Top 10 Ways to Reduce COVID-19 Risk This Fall and Winter

Top 10 Ways to Reduce COVID-19 Risk This Fall and Winter

Nov 16 2020

COVID-19 fatigue has set in for many, but experts say it’s more important than ever heading into fall and winter’s indoor months to stay protected.

Along with cooler temps, COVID-19 cases are unfortunately surging again — both nationwide and in Michigan. Our state’s hospitals are seeing an increasing number of COVID-19 patients, exceeding the peak this past spring.

Infectious disease experts across Michigan say this means we must continue to be careful to help prevent the ongoing spread of the virus in our communities.

Tips to Reduce COVID-19 Risk

Here are the top 10 ways to reduce your COVID-19 risk, according to the Centers for Disease Control and Prevention (CDC) and infectious disease experts in Michigan:

  1. Mask up. Wear a face mask in public and in groups — always.
  2. Wash and sanitize. Wash your hands as frequently as possible — use soap and water for at least 20 seconds or use alcohol-based hand sanitizer with at least 60% alcohol.
  3. Don’t touch your face. Try not to touch your face, and if you need to make sure you thoroughly wash your hands before doing so.
  4. Avoid crowds. Stay at least 6 feet from anyone not in your household.
  5. Avoid contact. Not just with others, but also with frequently touched surfaces and objects.
  6. Restrict gatherings. Limit groups to less than 10 people, and of no more than two households. (This may seem extreme, but as we spend more time indoors, it’s even more important. Here are some creative ideas to safely celebrate the holidays.)
  7. Skip the potlucks. Bring your own food and drinks to a gathering — and have just one person serve all shareable food. This is good tip to remember as you head into holiday party season.
  8. Stay home if you’re sick. Avoid contact with anyone who is sick—and stay home if you feel sick.
  9. Eat at home or order to-go. As of Wednesday, November 18, bars and restaurants will close for indoor dining service. Order take-out instead.
  10. Skip the carpool. Ride separately. And if you do ride in a vehicle with someone outside of your household, wear a mask.

Hospitalizations for COVID-19 have risen over 80% in Michigan, as cases have trended upwards in all regions of the state, according to the Michigan Health & Hospital Association. COVID-19 cases and COVID-19 test positivity rates are at an all time high for our state.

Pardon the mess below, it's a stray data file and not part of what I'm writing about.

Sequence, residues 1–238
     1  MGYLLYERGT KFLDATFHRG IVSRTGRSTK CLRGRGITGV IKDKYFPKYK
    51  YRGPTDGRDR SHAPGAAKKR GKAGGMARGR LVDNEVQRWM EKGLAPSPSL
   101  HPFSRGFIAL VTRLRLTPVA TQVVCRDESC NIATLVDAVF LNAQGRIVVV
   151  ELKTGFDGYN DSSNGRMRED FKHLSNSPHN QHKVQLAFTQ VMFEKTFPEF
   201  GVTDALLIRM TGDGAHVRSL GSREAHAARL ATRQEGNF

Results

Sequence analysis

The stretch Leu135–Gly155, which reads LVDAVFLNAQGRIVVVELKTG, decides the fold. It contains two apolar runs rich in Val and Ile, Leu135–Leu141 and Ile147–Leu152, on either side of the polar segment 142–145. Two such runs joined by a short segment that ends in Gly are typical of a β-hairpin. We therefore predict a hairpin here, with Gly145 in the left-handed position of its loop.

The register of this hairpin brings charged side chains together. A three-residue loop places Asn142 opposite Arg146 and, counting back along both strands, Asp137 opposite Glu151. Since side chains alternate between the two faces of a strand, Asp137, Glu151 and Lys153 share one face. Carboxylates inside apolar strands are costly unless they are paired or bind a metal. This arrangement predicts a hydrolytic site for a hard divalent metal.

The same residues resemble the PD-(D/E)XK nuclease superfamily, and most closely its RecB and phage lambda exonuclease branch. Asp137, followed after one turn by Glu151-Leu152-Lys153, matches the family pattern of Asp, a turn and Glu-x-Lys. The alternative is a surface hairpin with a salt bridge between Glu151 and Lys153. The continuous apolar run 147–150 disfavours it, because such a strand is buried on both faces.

Leaders from 110 of Michigan’s 137 hospitals issued a joint statement Thursday, Oct. 22, encouraging Michigan residents to follow safety precautions to prevent the spread of the virus.

“Help keep COVID-19 under control by doing what you can to prevent more illness and hospitalization,” the health leaders urge. “Support our dedicated and courageous health care staff as they continue the fight against COVID-19 for those patients who have the misfortune of becoming ill during the pandemic.”

On November 15, the Michigan Department of Health and Human Services (MDHHS) issued a new epidemic order limiting indoor gatherings, closing restaurants and bars for dine-in service, moving high schools and colleges/universities to 100% remote learning and more. The order goes into effect November 18 at 12:01 a.m. and is set to last for three weeks.

Symptoms of COVID-19

The signs and symptoms of COVID-19 vary, but over the course of the disease, most people with COVID-19 experience one or more of the following:

  • Fever or chills
  • Cough
  • Shortness of breath or difficulty breathing
  • Fatigue
  • Muscle or body aches
  • Headache
  • New loss of taste or smell
  • Congestion or runny nose
  • Nausea or vomiting
  • Diarrhea

According to the CDC, these symptoms may appear 2-14 days after exposure.

Treatment and Testing Options

Remember that virtual care is an option for minor symptoms. Virtual care allows you to see a doctor without having to leave home, and is an alternative to urgent care or the ER. Both urgent care and ER locations can become crowded during peak illness periods and are generally more expensive per visit, depending on your health plan. Virtual care is also a good way to help prevent the spread of infections like COVID-19 and influenza. Check with your doctor’s office or health insurance provider to see if they offer virtual care.

Check with your insurance company about coverage for COVID-19 testing. Many plans require it to be ordered by a doctor or other health care provider, and deemed medically necessary for it to be fully covered (any copays and deductibles waived) by the state and insurance companies like Priority Health. If you’re a Priority Health member, see a list of FAQs here about what your plan will cover for COVID-19 testing and treatment, if needed.

There are also locations throughout Michigan offering testing without a doctor’s order or an appointment, including drive-thru options. Find a testing site near you here.

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